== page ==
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P R E F A C E
This textbook is an expanded version of
Elementary Linear Algebra
, Ninth Edition, by Howard Anton. The first ten chapters of this book are identical to the first ten chapters of that text; the eleventh chapter consists of 21 applications of linear algebradrawn from business, economics, engineering, physics, computer science, approximation theory, ecology, sociology,demography, and genetics. The applications are, with one exception, independent of one another and each comes with a list of mathematical prerequisites. Thus, each instructor has the flexibility to choose those applications that are suitable for his or herstudents and to incorporate each application anywhere in the course after the mathematical prerequisites have been satisfied.This edition of
Elementary Linear Algebra
, like those that have preceded it, gives an elementary treatment of linear algebra thatis suitable for students in their freshman or sophomore year. The aim is to present the fundamentals of linear algebra in theclearest possibleway; pedagogy is the main consideration. Calculus is not a prerequisite, but there are clearly labeled exercisesand examples for students who have studied calculus. Those exercises can be omitted without loss of continuity. Technology isalso not required, but for those who would like to use
MATLAB
, Maple,
Mathematica
, or calculators with linear algebracapabilities, exercises have been included at the ends of the chapters that allow for further exploration of that chapter'scontents.
SUMMARY OF CHANGESIN THIS EDITION
This edition contains organizational changes and additional material suggested by users of the text. Most of the text isunchanged. The entire text has been reviewed for accuracy, typographical errors, and areas where the exposition could beimproved or additional examples are needed. The following changes have been made:

Section 6.5 has been split into two sections: Section 6.5 Change of Basis and Section 6.6 Orthogonal Matrices. Thisallows for sharper focus on each topic.

A new Section 4.4 Spaces of Polynomials has been added to further smooth the transition to general lineartransformations, and a new Section 8.6 Isomorphisms has been added to provide explicit coverage of this topic.

Chapter 2 has been reorganized by switching Section 2.1 with Section 2.4. The cofactor expansion approach todeterminants is now covered first and the combinatorial approach is now at the end of the chapter.

Additional exercises, including Discussion and Discovery, Supplementary, and Technology exercises, have been addedthroughout the text.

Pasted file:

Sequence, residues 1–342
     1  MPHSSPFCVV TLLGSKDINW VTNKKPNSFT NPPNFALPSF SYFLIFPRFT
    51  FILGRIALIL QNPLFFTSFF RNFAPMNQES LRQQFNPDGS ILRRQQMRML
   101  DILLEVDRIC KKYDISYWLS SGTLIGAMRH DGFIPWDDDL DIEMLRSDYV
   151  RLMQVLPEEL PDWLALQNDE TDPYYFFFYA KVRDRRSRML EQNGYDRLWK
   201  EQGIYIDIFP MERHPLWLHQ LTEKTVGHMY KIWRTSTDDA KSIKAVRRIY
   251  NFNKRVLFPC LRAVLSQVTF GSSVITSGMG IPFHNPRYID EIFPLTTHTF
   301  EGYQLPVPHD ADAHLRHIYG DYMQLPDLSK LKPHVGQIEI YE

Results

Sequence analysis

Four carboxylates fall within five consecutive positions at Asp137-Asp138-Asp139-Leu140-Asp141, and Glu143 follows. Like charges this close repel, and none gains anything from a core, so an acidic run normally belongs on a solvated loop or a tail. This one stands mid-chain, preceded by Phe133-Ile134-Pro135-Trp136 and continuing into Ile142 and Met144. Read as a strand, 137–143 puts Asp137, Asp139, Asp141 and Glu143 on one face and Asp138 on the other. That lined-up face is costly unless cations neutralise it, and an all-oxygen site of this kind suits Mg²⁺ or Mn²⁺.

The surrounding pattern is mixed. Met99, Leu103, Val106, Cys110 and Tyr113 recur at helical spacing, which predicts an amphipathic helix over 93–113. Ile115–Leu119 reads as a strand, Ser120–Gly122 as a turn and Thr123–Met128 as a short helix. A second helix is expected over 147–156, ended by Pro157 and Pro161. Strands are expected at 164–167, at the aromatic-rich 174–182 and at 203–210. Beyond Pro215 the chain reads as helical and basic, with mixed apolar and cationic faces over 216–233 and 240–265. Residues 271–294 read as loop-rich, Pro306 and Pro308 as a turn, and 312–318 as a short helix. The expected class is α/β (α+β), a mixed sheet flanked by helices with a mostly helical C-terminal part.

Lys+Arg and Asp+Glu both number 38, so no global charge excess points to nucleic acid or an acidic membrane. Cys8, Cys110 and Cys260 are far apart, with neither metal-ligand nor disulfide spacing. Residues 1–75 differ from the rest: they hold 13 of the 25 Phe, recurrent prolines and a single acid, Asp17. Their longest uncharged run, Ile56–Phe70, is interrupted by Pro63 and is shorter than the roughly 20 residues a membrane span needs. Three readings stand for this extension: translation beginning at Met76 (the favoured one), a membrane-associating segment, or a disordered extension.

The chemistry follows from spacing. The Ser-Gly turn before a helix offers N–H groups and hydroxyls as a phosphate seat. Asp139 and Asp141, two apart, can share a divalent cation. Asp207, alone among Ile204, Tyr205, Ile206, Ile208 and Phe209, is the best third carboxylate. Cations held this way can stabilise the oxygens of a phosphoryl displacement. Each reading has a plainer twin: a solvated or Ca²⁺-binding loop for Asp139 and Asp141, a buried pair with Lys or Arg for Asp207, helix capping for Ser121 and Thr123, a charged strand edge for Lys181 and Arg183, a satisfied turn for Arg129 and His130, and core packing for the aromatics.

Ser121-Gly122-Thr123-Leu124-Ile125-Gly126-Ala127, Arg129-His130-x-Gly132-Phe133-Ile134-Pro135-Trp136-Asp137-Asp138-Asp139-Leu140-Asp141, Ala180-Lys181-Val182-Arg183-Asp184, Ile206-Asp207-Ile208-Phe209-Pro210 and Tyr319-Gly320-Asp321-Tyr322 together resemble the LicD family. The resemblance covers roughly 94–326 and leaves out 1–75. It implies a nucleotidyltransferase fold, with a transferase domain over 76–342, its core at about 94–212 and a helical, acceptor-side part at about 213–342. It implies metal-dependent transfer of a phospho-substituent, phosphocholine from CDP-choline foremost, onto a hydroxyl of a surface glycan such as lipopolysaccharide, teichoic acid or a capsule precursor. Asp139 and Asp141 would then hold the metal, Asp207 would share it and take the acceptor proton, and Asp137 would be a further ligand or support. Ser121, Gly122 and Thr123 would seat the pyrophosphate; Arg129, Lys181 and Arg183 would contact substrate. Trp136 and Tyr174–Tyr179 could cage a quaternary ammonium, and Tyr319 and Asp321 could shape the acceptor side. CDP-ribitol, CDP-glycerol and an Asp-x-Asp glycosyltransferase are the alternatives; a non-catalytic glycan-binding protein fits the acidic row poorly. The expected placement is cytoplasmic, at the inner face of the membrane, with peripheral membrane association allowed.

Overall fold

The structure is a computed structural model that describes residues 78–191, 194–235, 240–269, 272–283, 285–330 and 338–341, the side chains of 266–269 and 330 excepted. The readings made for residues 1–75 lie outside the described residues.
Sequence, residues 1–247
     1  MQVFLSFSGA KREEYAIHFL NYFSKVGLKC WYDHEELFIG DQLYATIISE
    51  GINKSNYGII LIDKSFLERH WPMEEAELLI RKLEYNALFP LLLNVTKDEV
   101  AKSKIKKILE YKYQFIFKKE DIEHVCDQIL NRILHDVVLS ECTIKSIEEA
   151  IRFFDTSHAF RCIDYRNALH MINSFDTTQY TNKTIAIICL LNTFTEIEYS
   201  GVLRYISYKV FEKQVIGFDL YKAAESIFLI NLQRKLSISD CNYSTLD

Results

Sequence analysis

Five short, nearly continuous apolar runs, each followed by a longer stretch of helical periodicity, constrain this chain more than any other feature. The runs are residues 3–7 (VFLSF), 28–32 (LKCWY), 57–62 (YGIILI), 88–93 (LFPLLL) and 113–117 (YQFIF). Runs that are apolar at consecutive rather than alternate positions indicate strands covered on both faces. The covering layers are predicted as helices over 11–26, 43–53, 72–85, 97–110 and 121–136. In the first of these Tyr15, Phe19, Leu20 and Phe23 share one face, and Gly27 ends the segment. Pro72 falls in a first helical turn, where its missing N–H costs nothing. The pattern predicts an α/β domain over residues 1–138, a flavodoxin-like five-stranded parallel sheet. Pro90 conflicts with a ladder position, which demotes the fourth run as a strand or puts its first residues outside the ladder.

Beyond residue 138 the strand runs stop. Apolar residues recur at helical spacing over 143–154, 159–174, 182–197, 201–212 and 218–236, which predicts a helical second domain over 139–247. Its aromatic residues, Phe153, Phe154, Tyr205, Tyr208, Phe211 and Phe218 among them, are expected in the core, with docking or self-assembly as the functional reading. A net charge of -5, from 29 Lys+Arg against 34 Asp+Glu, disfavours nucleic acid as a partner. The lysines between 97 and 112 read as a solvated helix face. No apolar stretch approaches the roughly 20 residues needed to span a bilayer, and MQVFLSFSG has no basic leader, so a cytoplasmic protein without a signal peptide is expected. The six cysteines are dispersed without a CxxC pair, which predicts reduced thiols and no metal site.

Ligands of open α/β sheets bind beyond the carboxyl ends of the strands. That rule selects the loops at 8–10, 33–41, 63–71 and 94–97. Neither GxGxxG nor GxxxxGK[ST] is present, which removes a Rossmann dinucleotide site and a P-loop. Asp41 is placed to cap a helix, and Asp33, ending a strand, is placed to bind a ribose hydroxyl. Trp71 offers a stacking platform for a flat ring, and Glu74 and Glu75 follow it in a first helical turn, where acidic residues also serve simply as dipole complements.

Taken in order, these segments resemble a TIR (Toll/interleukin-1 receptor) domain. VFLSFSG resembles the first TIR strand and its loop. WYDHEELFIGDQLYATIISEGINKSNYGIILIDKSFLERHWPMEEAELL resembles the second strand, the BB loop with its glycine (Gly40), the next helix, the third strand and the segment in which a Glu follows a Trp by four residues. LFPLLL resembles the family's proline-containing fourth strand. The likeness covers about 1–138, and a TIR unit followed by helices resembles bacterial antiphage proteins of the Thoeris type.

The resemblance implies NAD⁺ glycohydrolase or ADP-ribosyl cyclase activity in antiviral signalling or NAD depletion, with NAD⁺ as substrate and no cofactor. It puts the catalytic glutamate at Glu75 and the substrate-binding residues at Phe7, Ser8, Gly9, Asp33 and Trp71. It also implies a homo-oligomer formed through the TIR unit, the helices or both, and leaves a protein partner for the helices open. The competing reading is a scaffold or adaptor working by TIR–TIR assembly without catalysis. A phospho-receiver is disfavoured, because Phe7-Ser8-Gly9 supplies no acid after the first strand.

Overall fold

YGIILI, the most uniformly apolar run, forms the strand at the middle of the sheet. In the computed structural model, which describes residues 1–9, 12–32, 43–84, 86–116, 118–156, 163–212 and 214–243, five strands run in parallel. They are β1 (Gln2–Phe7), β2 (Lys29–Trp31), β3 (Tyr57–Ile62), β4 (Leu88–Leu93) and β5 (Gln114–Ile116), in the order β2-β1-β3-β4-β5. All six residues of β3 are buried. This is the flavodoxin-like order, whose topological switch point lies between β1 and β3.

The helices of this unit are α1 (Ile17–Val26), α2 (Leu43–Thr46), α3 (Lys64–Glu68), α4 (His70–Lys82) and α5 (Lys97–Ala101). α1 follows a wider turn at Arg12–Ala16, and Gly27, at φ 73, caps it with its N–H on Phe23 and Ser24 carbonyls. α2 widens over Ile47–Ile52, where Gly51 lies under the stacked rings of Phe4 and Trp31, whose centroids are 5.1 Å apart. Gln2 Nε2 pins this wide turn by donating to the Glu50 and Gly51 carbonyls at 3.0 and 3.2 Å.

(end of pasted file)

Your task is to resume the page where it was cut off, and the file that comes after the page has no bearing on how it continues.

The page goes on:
In response to instructors' requests, the number of exercises that have answers in the back of the book has been reducedconsiderably.

The page design has been modified to enhance the readability of the text.

A new section on the earliest applications of linear algebra has been added to Chapter 11. This section shows how linearequations were used to solve practical problems in ancient Egypt, Babylonia, Greece, China, and India.

Hallmark Features

Relationships Between Concepts
One of the important goals of a course in linear algebra is to establish the intricatethread of relationships between systems of linear equations, matrices, determinants, vectors, linear transformations, andeigenvalues. That thread of relationships is developed through the following crescendo of theorems that link each newidea with ideas that preceded it: 1.5.3, 1.6.4, 2.3.6, 4.3.4, 5.6.9, 6.2.7, 6.4.5, 7.1.5. These theorems bring a coherence tothe linear algebra landscape and also serve as a constant source of review.

Smooth Transition to Abstraction
The transition from to general vector spaces is often difficult for students. Tosmooth out that transition, the underlying geometry of is emphasized and key ideas are developed in beforeproceeding to general vector spaces.

Early Exposure to Linear Transformations and Eigenvalues
To ensure that the material on linear transformationsand eigenvalues does not get lost at the end of the course, some of the basic concepts relating to those topics aredeveloped early in the text and then reviewed and expanded on when the topic is treated in more depth later in the text.For example, characteristic equations are discussed briefly in the chapter on determinants, and linear transformations fromto are discussed immediately after is introduced, then reviewed later in the context of general lineartransformations.